State officials are working to address the full spectrum of students’ academic, physical, mental and social needs that are critical to promoting school safety with legislation that moves education policy toward a whole-child approach. In Texas, for example, lawmakers have introduced a bipartisan package of 24 bills to improve access to mental health supports, ensure safe drinking water, support the implementation of restorative justice and clarify the role of social workers. This follows a 2016 legislative effort in Washington state to advance integrated student supports — a school-based framework that connects students and their families to health, mental health, academic, food and housing supports.
But federal agencies have not been the strongest partners in these efforts: Federal grants have only recently provided flexible, dedicated funding to support comprehensive approaches to school safety. Over the past decade, states and school districts have weathered a roller coaster of federal support, starting with the 2009 elimination of dedicated formula funding for school safety. For years afterward, communities seeking federal support had to navigate and compete for a patchwork of competitive programs similar to the menu offered under the 2020 budget. The 2015 Every Student Succeeds Act signaled an end to siloed funding with the revival of federal formula dollars for both student safety and health, under the Student Support and Academic Enrichment program. This provides funding to every state to support three buckets of activities: student health and safety, educational technology and a well-rounded curriculum.
The program is an admittedly unwieldy vehicle for increasing federal investment in school safety, but it provides the one thing that states sorely need right now: dedicated, dependable and flexible funds that can support long-term, comprehensive planning to improve school safety. School districts that receive this funding must use at least 20 percent of their allocation for each of the three buckets of programs. This means that after Congress dramatically increased the program’s funding following the 2018 school shooting in Parkland, Florida, from $400 million to $1.2 billion, a significant portion of these dollars will likely go to non-safety purposes. Unlike the package of discretionary grants featured in the 2020 budget proposal, the program’s funds can more easily be used to address the vast array of student needs that underlie the creation of safe schools. And because those funds are awarded by formula, rather than through competition, all states benefit.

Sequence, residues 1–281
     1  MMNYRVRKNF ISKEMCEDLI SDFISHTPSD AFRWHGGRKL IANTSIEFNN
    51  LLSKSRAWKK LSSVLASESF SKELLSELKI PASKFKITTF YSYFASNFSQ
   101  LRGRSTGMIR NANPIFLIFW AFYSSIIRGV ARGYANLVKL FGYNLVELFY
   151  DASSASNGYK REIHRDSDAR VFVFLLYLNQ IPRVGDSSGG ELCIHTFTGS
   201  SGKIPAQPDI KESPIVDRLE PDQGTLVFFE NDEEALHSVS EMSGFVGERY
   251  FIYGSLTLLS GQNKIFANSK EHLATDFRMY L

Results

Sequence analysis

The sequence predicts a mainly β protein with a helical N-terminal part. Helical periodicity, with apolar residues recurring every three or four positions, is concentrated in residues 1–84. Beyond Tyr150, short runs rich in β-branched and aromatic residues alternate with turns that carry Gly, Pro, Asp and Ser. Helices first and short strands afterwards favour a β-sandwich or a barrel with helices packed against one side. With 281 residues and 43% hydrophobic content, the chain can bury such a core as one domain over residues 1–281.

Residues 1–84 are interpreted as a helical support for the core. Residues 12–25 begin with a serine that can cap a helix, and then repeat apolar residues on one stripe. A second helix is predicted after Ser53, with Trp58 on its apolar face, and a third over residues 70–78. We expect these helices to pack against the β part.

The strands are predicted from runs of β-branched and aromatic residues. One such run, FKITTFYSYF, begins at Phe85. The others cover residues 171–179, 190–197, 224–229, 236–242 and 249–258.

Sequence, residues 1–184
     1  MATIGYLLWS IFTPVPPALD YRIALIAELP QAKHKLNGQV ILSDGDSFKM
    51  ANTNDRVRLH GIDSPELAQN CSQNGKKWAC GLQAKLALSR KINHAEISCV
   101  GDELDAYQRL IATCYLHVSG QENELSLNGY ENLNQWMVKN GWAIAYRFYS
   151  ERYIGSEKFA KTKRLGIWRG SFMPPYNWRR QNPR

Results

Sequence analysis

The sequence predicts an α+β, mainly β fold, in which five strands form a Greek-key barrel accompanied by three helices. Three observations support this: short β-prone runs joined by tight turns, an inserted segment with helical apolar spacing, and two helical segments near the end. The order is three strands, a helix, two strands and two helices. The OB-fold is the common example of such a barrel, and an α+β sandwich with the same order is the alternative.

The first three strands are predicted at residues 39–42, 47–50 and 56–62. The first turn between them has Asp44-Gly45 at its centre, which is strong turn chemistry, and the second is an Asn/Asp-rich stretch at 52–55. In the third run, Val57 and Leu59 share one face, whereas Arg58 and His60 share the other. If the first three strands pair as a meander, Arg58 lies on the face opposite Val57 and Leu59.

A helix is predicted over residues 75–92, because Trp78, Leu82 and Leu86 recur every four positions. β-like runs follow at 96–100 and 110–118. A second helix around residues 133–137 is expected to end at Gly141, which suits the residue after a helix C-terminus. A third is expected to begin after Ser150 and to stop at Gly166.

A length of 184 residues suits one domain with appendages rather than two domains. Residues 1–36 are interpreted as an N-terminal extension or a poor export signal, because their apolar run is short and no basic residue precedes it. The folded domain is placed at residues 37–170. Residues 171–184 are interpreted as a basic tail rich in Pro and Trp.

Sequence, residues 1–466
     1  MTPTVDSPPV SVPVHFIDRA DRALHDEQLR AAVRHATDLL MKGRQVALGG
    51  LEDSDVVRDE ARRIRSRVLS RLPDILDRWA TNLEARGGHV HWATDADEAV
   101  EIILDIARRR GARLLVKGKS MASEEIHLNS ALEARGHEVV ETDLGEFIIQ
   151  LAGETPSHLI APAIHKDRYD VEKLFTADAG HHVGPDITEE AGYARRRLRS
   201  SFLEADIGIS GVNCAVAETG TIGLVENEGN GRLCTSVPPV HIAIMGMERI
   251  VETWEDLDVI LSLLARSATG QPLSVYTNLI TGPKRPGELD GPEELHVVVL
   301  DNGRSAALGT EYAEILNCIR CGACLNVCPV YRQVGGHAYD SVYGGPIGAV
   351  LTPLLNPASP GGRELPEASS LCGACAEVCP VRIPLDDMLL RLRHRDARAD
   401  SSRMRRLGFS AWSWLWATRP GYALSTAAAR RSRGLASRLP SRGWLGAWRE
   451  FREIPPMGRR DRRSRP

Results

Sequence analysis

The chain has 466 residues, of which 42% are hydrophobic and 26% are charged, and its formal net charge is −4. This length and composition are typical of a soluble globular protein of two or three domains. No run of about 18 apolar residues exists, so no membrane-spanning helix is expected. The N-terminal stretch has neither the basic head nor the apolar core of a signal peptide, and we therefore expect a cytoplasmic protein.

For 2020, states and districts need a federal budget that supports the ambitions of education leaders. Such a budget would make it easier for states to integrate and expand their efforts to strengthen physical and mental health supports, improve relationships between staff and students, and facilitate students’ social and emotional development. Such a budget would help all school communities — not just those with the capacity to compete for short-term funding — to access the resources they need to create conditions in which students can learn in safety.
Kristen Harper and Deborah Temkin are school climate experts at Child Trends, a nonprofit and nonpartisan research organization in Washington, D.C. Both formerly served in the U.S. Department of Education.Submit a Letter to the Editor